Animal Law Review


Fatema Merchant

Author Details

Fatema Merchant, J.D. candidate, American University Washington College of Law

First Page



Trouble brews, on the other hand, for those advocates who aim farther afield, who demand that animals be granted formal legal rights. Graphics and adjectives alone are vastly insufficient to validate just how that project would operate under the law or how science and logic would support a formal position on animals as “rights-holders.” Unhappily, the animal rights movement, as it takes such aim, has shown that it is weaker, not stronger, for the effort. Separate from its vulnerability to criticism by those politically opposed, a call for legal rights for animals is without justification on the very two pillars on which such a claim presumes to found itself”“ the precepts of law and of science. The claim’s inherent weaknesses are revealed in the use of terms that are inapplicable given both the way that legal rules work as a practical matter and the current level of our scientific knowledge about animals themselves. This article confronts these two core defects of the animal rights paradigm and seeks to shed the light of law, science, and reason on what seems to be an unreasonable, nonscientific, and yet ill-critiqued phenomenon.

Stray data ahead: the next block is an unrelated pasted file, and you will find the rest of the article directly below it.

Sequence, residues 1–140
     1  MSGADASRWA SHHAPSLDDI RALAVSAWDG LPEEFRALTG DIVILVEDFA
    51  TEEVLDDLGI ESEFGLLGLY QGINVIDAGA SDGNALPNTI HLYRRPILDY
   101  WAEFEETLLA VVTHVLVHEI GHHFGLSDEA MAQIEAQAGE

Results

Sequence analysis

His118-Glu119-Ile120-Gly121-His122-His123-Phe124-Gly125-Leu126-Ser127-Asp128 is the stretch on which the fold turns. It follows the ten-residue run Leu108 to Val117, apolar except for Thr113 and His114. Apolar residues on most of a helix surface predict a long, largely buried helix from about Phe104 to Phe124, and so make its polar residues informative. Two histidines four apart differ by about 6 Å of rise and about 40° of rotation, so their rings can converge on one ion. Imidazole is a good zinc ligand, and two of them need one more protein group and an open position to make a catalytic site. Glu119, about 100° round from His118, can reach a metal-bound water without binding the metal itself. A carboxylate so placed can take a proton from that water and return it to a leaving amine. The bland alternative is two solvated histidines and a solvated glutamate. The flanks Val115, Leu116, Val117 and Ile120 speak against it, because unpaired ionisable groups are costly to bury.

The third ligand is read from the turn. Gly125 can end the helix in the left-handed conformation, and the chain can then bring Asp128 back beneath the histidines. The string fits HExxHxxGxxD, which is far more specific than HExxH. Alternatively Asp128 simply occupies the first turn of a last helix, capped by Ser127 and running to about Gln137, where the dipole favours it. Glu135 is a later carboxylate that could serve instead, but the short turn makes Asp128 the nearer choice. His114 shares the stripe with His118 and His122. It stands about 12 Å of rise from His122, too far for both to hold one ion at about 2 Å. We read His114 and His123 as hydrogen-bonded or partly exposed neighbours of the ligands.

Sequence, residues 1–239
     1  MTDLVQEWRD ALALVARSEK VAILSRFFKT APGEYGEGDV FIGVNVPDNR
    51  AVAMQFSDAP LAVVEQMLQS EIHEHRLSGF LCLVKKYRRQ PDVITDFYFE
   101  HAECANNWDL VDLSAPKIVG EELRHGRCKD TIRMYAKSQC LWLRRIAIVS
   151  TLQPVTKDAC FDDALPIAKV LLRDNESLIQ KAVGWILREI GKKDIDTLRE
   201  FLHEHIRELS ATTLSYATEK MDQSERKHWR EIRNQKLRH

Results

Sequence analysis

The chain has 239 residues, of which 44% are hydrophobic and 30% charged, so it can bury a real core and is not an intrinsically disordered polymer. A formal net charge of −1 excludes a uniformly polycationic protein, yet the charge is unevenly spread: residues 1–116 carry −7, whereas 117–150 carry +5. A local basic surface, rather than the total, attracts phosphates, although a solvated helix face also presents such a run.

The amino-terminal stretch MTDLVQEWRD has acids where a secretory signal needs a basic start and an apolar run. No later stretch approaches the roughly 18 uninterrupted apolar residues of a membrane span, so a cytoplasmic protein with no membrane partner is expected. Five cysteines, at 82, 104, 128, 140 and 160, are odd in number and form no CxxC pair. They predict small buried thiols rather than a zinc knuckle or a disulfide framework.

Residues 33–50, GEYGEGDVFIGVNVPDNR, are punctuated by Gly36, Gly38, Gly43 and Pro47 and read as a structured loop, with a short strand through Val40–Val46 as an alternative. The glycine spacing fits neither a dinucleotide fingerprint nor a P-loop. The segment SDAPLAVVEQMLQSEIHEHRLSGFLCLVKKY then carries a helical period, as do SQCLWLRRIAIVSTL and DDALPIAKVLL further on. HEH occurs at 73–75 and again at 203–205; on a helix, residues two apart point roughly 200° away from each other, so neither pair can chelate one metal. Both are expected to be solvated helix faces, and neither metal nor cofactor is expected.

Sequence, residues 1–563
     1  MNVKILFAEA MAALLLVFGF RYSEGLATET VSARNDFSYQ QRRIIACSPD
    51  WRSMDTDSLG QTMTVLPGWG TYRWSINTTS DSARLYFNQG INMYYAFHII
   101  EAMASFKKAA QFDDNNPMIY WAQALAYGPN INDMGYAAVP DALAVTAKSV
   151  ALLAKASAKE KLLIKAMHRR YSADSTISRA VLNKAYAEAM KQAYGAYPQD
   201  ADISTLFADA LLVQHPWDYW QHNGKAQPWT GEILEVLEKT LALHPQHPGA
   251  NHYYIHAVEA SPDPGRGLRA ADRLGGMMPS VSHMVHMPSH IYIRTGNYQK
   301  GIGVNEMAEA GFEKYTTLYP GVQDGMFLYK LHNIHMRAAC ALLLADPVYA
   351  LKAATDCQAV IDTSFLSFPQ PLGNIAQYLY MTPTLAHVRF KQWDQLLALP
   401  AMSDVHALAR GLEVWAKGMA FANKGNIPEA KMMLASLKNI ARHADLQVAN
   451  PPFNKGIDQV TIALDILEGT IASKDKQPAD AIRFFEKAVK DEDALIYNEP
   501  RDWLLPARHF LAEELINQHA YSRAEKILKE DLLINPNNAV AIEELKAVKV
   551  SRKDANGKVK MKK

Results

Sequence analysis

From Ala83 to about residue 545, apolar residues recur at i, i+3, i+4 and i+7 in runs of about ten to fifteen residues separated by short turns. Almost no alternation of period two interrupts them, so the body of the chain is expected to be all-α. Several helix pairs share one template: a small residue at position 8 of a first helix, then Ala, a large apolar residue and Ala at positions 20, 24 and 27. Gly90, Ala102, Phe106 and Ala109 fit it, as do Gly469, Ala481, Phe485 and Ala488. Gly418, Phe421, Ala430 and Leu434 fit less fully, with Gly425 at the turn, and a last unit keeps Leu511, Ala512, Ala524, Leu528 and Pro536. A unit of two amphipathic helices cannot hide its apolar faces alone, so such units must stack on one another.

To view the content in your browser, please download Adobe Reader or, alternately,
you may Download the file to your hard drive.

NOTE: The latest versions of Adobe Reader do not support viewing PDF files within Firefox on Mac OS and if you are using a modern (Intel) Mac, there is no official plugin for viewing PDF files within the browser window.